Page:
The fiddler crab, Uca pugnax, has migrated nearly 50 miles north of its supposed natural range along the US East Coast. This may be another sign of climate change, experts say.

Mimics do not substitute for the 'real thing' for bomb-sniffing dogs

Posted: 24 Nov 2014 05:09 AM PST

Canines trained on pseudo-explosives could not reliably identify the genuine article (and vice versa). When it comes to teaching dogs how to sniff out explosives, there's nothing quite like the real thing to make sure they're trained right.

Damage caused by geothermal probes is rare

Posted: 24 Nov 2014 05:09 AM PST

Soil settlements or upheavals and resulting cracks in monuments, floodings, or dried-up wells: Reports about damage caused by geothermal probes have made the population feel insecure. In fact, the probability of damage occurring in Baden-W├╝rttemberg is lower than 0.002% per year.

Primates indispensable for regeneration of tropical forests

Posted: 24 Nov 2014 05:09 AM PST

Primatologist and plant geneticists have studied the dispersal of tree seeds by New World primates. Primates can influence seed dispersal and spatial genetic kinship structure of plants that serve as their food source.

Bad news for kids: Parents do not defend their offspring at all cost, bird study shows

Posted: 24 Nov 2014 05:09 AM PST

Do parents defend their offspring whenever necessary, and do self-sacrificing parents really exist? To answer this question, researchers examined defense behaviors of parent blue tits. They investigated whether birds would risk everything to protect their young from predators. Their conclusion: parents weigh the risks. It is not only the risk to the nestlings, but also their own risk that plays a role when defending their nests.

Molecules that came in handy for first life on Earth

Posted: 24 Nov 2014 04:48 AM PST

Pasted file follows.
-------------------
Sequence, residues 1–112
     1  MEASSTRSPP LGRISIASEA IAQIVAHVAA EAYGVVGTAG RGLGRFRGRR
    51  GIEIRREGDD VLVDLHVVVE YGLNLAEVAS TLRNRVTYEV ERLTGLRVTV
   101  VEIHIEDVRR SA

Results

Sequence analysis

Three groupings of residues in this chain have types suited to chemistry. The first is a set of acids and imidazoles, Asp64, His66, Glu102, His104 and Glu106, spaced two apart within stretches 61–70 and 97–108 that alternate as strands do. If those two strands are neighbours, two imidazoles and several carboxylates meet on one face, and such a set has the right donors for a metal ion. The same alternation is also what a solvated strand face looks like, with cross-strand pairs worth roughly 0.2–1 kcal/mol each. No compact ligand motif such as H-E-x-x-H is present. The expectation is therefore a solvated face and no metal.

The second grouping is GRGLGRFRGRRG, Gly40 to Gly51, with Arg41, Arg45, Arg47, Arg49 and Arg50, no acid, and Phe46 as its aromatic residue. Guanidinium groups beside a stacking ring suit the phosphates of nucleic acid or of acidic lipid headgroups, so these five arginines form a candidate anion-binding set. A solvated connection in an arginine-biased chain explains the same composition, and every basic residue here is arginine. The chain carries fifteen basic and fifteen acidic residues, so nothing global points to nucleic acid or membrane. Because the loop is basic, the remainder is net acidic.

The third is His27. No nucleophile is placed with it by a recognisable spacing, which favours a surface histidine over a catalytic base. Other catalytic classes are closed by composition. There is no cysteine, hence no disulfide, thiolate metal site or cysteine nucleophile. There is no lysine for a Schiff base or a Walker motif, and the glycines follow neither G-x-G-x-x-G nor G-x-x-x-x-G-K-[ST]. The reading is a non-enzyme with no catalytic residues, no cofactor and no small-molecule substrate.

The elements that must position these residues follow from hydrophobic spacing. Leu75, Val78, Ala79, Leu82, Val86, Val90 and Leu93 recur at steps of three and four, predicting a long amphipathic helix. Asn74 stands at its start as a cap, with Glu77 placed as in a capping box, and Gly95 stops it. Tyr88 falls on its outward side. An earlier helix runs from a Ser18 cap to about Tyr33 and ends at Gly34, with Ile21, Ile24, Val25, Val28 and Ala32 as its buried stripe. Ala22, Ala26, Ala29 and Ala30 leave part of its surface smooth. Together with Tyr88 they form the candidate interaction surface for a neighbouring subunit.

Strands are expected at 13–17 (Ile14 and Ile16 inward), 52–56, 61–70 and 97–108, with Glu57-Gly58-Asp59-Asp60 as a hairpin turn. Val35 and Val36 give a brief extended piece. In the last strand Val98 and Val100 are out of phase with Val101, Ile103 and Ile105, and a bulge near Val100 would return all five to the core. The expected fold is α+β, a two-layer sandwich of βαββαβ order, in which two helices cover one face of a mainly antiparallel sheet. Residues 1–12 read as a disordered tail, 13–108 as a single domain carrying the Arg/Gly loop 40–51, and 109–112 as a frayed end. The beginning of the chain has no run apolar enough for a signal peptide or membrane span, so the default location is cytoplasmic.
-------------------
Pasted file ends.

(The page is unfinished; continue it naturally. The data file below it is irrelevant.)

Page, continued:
For the first time, chemists have successfully produced amino acid-like molecules that all have the same 'handedness', from simple building blocks and in a single test tube. Could this be how life started. On Earth? Or in space, as the Philae lander is currently exploring?

People ate mammoth; Dogs got reindeer

Posted: 24 Nov 2014 04:48 AM PST

Biogeologists have shown how Gravettian people shared their food 30,000 years ago. Around 30,000 years ago Predmosti was inhabited by people of the pan-European Gravettian culture, who used the bones of more than 1000 mammoths to build their settlement and to ivory sculptures. Did prehistoric people collect this precious raw material from carcasses -- easy to spot on the big cold steppe -- or were they the direct result of hunting for food?

Recreating clothes from the Iron Age

Posted: 24 Nov 2014 04:48 AM PST

A few years ago, the oldest known piece of clothing ever discovered in Norway, a tunic dating from the Iron Age, was found on a glacier in Breheimen. Now about to be reconstructed using Iron Age textile techniques, it is hoped the tunic will inspire Norwegian fashion designers.

Tropical inspiration for an icy problem

Posted: 24 Nov 2014 04:47 AM PST

Ice poses major impediments to winter travel, accumulating on car windshields and airplane wings and causing countless unsuspecting pedestrians to dramatically lose their balance. Scientists have now developed a new way to prevent ice buildup on surfaces like airplane wings, finding inspiration in an unusual source: the poison dart frog.

The secret of dragonflies' flight

Posted: 24 Nov 2014 04:47 AM PST

Dragonflies can easily right themselves and maneuver tight turns while flying. Each of their four wings is controlled by separate muscles, giving them exquisite control over their flight. Researchers are investigating the physics behind this ability by recording high-speed video footage of dragonflies in flight and integrating the data into computer models.

Brain injuries in mice treated using bone marrow stem cells, antioxidants

Posted: 21 Nov 2014 05:29 AM PST

For the first time, researchers have transplanted bone marrow stem cells into damaged brain tissue while applying lipoic acid (a potent antioxidant), with the aim of improving neuroregeneration in the tissue. This new way of repairing brain damage, which combines cellular treatment with drug therapy, has shown positive results, especially in forming blood vessels (a process called angiogenesis) in damaged areas of the brains of adult laboratory mice.